While women are represented in leadership roles, the cyber defense industry has seen increased diversity in all levels of service. Jessamyn Saltysiak, an SEC information technology specialist, claims that the change is evident for her and her family.

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“When I was in high school and college, I couldn’t really see myself in this position,” Saltysiak said. “But now I can map a path for myself or even my daughter because people have gone before us.”

“When I was in high school and college, I couldn’t really see myself in this position,” Saltysiak said. “But now I can map a path for myself or even my daughter because people have gone before us.”

Saltysiak recognized the value of diversity that women, specifically, bring to the industry. “Women are providing a different style of leadership, which could be a reason why SEC is becoming the organization that it is,” Saltysiak said.

Despite an overall shortage of cybersecurity talent, men outnumber women by about three to one in the cybersecurity career field. More women in cybersecurity promote diversity in perspectives, leadership, and experience. Different viewpoints on any problem give multiple perspectives a chance to arrive at the right solution.

Fotini Argiropoulos, SEC cyber security analyst and technical lead for the SEC Software Assurance Team, has seen how diversity makes teams better.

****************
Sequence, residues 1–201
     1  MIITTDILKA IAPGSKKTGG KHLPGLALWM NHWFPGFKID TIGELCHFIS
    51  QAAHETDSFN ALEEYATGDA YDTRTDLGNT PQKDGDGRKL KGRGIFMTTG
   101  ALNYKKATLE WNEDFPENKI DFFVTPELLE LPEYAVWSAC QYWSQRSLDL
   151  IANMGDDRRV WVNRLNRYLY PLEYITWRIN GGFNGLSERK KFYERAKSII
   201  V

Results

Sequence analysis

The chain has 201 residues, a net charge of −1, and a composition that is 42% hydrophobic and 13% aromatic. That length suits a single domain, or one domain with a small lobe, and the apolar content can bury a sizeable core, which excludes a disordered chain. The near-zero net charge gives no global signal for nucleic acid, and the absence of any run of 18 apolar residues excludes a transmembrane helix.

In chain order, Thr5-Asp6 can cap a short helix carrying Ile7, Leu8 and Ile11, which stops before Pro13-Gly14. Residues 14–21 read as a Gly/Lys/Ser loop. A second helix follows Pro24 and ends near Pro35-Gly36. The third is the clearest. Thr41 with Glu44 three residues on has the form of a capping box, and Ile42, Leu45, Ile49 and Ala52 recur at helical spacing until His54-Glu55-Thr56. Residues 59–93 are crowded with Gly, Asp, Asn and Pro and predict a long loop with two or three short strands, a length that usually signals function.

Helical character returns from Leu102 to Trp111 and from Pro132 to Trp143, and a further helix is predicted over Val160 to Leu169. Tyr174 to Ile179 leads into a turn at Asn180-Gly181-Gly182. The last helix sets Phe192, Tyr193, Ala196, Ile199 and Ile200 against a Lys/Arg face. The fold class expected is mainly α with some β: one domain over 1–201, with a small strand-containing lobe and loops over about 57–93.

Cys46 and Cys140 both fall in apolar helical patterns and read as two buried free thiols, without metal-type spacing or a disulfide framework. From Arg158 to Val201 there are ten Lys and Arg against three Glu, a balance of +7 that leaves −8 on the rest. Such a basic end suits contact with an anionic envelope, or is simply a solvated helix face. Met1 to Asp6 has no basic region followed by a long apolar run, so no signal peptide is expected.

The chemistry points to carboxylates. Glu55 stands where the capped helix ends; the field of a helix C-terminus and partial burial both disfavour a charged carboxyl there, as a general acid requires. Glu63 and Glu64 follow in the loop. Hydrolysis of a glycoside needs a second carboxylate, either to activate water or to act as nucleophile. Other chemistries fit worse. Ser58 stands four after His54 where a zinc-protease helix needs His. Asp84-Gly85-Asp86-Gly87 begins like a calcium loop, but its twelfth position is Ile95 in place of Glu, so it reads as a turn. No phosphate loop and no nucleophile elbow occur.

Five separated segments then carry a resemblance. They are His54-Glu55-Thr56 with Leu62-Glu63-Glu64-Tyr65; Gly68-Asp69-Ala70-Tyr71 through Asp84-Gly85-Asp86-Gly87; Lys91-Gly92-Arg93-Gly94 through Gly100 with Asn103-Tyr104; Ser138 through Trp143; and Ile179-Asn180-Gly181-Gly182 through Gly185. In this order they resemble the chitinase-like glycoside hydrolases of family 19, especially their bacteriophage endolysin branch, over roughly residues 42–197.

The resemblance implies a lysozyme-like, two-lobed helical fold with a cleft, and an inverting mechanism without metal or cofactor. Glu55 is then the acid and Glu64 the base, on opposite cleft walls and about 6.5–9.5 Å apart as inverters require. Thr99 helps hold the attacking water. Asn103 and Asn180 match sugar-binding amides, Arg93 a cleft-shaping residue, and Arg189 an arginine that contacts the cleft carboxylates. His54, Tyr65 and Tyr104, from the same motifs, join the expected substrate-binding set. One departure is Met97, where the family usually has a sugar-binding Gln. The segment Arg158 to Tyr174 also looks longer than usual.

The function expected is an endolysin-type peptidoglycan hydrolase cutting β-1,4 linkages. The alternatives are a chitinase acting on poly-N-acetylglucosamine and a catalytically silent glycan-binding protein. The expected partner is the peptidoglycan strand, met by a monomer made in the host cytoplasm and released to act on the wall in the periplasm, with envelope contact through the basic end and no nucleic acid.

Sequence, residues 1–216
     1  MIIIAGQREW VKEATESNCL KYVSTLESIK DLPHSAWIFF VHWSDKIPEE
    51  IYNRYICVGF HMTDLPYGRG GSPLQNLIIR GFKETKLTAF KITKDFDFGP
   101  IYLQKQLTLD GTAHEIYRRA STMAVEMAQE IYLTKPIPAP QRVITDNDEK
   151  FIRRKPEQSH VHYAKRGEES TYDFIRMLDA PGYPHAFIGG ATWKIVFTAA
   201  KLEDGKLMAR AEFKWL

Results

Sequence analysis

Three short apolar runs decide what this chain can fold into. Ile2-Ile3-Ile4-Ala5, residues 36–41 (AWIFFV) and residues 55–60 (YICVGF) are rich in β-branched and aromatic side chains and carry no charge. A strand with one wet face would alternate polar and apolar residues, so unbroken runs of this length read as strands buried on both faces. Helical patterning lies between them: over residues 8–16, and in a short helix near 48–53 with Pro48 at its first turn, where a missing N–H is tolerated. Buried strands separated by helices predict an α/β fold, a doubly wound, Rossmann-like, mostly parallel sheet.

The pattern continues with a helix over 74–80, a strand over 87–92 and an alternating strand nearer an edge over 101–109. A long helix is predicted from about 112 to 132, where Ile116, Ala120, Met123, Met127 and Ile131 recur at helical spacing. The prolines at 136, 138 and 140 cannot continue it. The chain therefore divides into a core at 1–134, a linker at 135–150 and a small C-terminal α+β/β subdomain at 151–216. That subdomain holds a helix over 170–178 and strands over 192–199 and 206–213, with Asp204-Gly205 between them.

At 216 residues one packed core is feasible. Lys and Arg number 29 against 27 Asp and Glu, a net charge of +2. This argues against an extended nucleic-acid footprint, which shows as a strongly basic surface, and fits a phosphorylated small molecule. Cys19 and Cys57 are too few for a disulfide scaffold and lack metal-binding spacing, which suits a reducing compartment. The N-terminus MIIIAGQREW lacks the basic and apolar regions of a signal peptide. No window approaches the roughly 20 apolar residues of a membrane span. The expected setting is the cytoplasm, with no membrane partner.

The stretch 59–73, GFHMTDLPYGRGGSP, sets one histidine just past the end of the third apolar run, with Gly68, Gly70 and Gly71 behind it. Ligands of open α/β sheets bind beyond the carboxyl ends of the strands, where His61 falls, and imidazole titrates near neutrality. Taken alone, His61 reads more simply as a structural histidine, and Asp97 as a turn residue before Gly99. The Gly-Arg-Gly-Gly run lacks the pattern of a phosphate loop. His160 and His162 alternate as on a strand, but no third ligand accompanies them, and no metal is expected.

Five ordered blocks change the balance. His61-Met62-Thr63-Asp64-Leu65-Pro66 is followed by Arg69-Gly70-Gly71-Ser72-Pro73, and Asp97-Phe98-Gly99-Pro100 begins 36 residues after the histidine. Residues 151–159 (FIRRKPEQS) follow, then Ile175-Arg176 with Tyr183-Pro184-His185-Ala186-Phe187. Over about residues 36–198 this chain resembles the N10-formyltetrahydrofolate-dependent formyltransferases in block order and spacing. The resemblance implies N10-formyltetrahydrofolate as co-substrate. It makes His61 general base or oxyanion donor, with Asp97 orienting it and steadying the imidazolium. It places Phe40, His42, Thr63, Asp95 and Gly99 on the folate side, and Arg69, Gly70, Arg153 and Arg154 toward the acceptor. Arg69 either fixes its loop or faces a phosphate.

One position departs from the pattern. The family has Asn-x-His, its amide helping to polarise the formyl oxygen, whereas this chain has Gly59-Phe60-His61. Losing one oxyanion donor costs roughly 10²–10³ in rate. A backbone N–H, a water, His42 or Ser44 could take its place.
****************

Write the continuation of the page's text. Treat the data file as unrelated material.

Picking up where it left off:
Fotini

“Women and diversity, in general, bring a unique perspective to problem solving,” Argiropoulos said. “As a mother, I believe I bring my own style of troubleshooting and problem solving to an issue. Teams gain with the more diversity they have.”

“Women and diversity, in general, bring a unique perspective to problem solving,” Argiropoulos said. “As a mother, I believe I bring my own style of troubleshooting and problem solving to an issue. Teams gain with the more diversity they have.”

From Best Cyber Warrior Competitions to the development of software to changing the way Soldiers fight on the battlefield, these activities are designed to sharpen teams’ skills, and for a good reason.

Because of SEC’s subject matter expertise with software, our professionals at Aberdeen Proving Ground are often called upon for support. That includes everything from radars to radios and everything in-between. U.S. Army equipment that has a piece of software in it was most likely touched by the workforce of SEC, evidence of the SEC’s impact within Army cybersecurity.

Erin Hayner, an SEC branch chief, sees how important her role in cyber plays in a Soldier’s mission readiness.

Erin

“To be successful in IT today, you really have to be comfortable with change because the environment will continue to evolve,” Swanson said. “What we consider our baseline today will not be the same three years from now.”

“Everyone knows what it feels like to have a piece of technology go down,” Hayner said. “Just imagine what it’s like in the private sector when a laptop goes down, but in the field, or on a mission, that issue is all the more critical. It’s that understanding of a phone or laptop going down because of a bug that keeps cyber professionals on their toes for the Warfighter.”

Cybersecurity is what keeps our Soldiers safe, especially in a world where the frontline of tomorrow looks much different than it did 20 years ago. Command, Control, Computers, Communications, Cyber, Intelligence, Surveillance, and Reconnaissance (C5ISR) capabilities are needed now more than ever, with women ensuring their place in developing and protecting the future battlefield.

Assurance against disruption at home and in the battlefield can include detecting malicious code against zero-day attacks that exploit previously unknown vulnerabilities, properly enabling information sharing across multiple security boundaries, and developing, testing, and evaluating intrusion detection, user authentication, cryptography, and biometric capabilities.